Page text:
Sterile abscess was defined as a condition in which infectious etiology cannot be shown.[18]

Statistical analysis

Results were expressed as a percentile (absolute numbers), as mean and standard deviation, or as median and interquartile range (IQR) as required. SPSS 22 (SPSS Inc., Chicago, IL, USA) was used for statistical analyses.

RESULTS

A total of 1010 GnRHa-treated CPP patients, including 93.9% (n: 948) girls, were evaluated. The median age of the children at the beginning of the treatment was 8 years (IQR 98-113). 11.4% (n: 115) of the patients had additional chronic disease and the commonest chronic disease was hypothyroidism with a rate of 2.5% (n: 25)

Patients who were treated with only TA and only LA were 61.2% (n: 618) and 36% (n: 364) of the patients respectively. 2.8% (n: 28) of the patients switched treatment to TA or LA because of interruptions in TA or LA supply.

Patients treated with GnRHa monthly and per 3 months were 91.1% (n: 920) and 8.9% (n: 90) respectively. The mean age of the treatment onset was 105.5 months. 87.3% (n: 882) of the patients were given treatment at 3.75 mg/month, 3.8% (n: 38) of the patients were given treatment at 7.5 mg/month and 8.9% (n: 90) of the patients given at 11.25 mg/3 monthly [Table 1].

T1
Table 1:
Characteristics of the patients with precocious puberty developing adverse reaction

There was 5 (0.49%) hypersensitivity reaction and 2 (0.19%) adverse reactions among 1010 patients [Table 1]. The prevalence of adverse reactions calculated by using the respective number of patients using TA or LA as denominator, was 0.006% with TA and 0.007% with LA.

The median age of the patients who had adverse reactions was 8 years and 6 months (IQR 95.7-108). The observed adverse reactions and hypersensitivity reactions were urticarial rash, vomiting, tremor of both hands, sterile abscesses, and musculoskeletal stiffness.

None of the patients had a history of allergic drug reactions before. Only 1 patient had an additional chronic disease (Bipolar disorder, autism spectrum disorder, and hypothyroidism).

Four of the patients’ treatments were discontinued due to reaction. In 3 of them, treatment can be continued via switching to another GnRHa or regulating dosage with the same drug [Table 1].

Case summaries

Case 1

An 8.5-year old girl without having any chronic disease, presented with rapidly progressive CPP. Triptorelin acetate depot was initiated at a dose of 3.75 mg monthly. Following the 20th and 21st dose of treatment, she developed tremors in both hands immediately after administration of TA. Before the 20th dosage, no symptom had been seen after administration of treatment. GnRHa was discontinued. She was evaluated by the neurology department. Her laboratory tests for thyroid disease, Wilson disease, and cranial magnetic resonance imaging (MRI) were evaluated and reported to be normal. After termination of TA treatment, her symptom was improved spontaneously.

Case 2

A 9-year old girl without having any chronic disease, presented with rapidly progressive CPP. She was initiated on TA treatment at a dose of 3.75 mg monthly. Following the 11th dose of TA, she had vomiting immediately after the injection. She did not have any other system symptoms. Her physical examination and blood pressure were normal. Vomiting symptom was improved spontaneously. During the first 10 TA injections, there were no symptoms. Treatment was discontinued after this reaction.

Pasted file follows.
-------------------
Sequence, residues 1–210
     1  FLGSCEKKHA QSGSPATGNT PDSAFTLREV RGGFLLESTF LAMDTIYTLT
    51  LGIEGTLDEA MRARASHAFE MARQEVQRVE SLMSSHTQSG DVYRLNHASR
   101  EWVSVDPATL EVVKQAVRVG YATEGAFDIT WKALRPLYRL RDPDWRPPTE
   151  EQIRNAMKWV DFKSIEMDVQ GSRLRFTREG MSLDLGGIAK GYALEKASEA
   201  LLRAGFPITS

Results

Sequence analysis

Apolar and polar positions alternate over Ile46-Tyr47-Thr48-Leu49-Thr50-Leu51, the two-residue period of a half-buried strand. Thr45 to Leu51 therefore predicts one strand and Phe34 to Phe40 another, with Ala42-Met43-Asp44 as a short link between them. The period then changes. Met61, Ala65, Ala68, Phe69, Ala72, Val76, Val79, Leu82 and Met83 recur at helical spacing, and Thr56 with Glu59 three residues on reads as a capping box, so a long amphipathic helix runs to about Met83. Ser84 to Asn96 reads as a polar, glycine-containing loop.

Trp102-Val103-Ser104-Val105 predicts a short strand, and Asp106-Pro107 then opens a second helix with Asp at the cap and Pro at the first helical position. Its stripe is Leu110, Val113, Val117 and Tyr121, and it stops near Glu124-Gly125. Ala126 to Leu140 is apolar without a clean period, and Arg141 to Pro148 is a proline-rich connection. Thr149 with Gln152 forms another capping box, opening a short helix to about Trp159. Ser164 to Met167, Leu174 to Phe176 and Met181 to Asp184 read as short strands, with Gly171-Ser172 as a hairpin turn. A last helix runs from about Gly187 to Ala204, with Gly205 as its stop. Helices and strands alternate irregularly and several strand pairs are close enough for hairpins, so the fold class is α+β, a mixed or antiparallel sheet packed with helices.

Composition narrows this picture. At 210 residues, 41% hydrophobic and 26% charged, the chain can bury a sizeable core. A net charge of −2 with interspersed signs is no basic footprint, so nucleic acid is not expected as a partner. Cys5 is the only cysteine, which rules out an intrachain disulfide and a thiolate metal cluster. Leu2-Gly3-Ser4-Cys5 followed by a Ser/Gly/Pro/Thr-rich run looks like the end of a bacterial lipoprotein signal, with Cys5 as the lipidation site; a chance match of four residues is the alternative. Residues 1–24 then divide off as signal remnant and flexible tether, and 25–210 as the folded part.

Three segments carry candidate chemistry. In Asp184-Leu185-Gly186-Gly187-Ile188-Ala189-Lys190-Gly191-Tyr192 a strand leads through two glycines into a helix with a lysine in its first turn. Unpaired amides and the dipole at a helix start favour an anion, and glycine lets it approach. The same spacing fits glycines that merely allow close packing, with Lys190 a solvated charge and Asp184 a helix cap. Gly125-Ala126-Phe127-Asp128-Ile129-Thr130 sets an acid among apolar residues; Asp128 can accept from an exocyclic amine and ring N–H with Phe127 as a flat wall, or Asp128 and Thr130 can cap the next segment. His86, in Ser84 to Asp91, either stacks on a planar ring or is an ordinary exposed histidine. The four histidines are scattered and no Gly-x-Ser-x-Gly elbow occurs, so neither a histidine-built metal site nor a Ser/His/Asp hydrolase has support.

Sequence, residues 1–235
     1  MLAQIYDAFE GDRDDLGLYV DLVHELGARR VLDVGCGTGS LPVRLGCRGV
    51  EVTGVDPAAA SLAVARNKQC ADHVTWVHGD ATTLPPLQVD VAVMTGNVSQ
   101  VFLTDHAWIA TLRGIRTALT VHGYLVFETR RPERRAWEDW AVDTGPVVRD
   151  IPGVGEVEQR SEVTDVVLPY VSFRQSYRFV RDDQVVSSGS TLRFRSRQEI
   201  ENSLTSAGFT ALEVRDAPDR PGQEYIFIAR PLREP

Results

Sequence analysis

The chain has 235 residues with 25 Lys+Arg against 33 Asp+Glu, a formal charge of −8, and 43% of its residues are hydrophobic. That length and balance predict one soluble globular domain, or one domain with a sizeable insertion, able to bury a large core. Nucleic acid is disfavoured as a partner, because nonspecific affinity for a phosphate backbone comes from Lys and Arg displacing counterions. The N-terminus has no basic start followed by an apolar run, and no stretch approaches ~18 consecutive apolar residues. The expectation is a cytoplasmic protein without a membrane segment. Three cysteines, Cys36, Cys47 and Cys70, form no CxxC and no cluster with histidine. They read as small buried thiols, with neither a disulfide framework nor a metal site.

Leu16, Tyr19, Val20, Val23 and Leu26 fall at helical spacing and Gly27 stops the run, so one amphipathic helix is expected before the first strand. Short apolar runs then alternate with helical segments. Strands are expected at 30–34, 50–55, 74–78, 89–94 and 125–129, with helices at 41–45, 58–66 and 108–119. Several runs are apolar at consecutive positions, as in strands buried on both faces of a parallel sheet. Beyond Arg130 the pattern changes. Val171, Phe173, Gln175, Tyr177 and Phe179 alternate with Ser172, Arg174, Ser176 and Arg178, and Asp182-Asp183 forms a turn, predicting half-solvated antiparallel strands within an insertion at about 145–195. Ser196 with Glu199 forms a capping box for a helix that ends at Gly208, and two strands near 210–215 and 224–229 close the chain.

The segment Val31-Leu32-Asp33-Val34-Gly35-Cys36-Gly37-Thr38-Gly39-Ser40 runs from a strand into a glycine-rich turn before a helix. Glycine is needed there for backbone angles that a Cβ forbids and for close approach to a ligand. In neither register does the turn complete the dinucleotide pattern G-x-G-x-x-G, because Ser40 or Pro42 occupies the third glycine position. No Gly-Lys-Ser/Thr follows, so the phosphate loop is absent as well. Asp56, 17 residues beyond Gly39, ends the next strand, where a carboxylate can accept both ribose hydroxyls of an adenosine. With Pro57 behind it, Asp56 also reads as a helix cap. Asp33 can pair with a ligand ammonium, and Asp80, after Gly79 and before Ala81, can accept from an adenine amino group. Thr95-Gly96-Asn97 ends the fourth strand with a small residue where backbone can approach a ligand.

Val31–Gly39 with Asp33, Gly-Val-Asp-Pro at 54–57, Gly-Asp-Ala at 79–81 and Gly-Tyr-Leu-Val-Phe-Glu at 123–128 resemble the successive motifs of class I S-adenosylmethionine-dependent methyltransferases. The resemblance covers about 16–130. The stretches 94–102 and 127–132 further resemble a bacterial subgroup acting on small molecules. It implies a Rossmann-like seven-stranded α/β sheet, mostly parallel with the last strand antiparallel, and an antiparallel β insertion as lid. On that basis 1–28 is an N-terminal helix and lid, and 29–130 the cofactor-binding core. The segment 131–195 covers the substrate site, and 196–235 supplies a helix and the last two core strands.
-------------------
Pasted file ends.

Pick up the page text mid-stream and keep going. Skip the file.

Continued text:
Case 3

A 7.5-year old girl without having any chronic disease, presented with CPP and was initiated TA treatment at 3.75 mg per month. She developed disseminated urticarial rashes 72 hours after the first injection of triptorelin acetate treatment. Except for urticaria, her physical examination was normal. Rashes regressed in 10 days by using the antihistaminic treatment. TA treatment was discontinued. The tests for diagnosis of hypersensitivity to GnRH could not be performed cause of termination of the drug by an endocrinologist and the patient's parents not giving the permission.

Case 4-5-6

There cases initiated LA treatment at 3.75 mg per month with a diagnosis of CPP and developed sterile abscesses at 9th, 4th and 3rd dose of LA treatment respectively. In two of the patients, LA treatment was switched to TA treatment and no further symptom were observed. In one of the patients, LA treatment switched to LA treatment at 11.25 mg per month and no further symptom was observed. All of them are still being treated with GnRHa treatment [Table 1].

Case 7

A 10-year and 1 month old male patient without having any chronic disease, presented with rapidly progressive puberty and initiated TA treatment. Following the 5th dose of TA treatment, he had developed difficulty in walking due to stiffness in the leg immediately after injection. The spasm lasted all day at the injection day. The treatment was discontinued.

DISCUSSION

Of the 1010 patients, only 7 patients had adverse reactions and hypersensitivity reactions with TA and LA. The observed adverse reactions and hypersensitivity reactions were an urticarial rash, vomiting, tremor at both hands, sterile abscesses formation, and musculoskeletal stiffness.

GnRHa is generally well-tolerated; however adverse reactions have been reported in association with GnRHa from local skin irritation to severe anaphylactoid reactions. Local adverse events occur in 10-15% of the patients who were treated with GnRHa. Anaphylactoid reactions with GnRHa are very rarely seen; but if they occur, they can be life-threatening.[19]

According to Cheung and et al.,[20] there was no difference between triptorelin acetate and leuprolide acetate in terms of their side effects. The prevalence of adverse reactions calculated by using the respective number of patients using TA or LA as denominator, was 0.6% with TA and 0.7% with LA.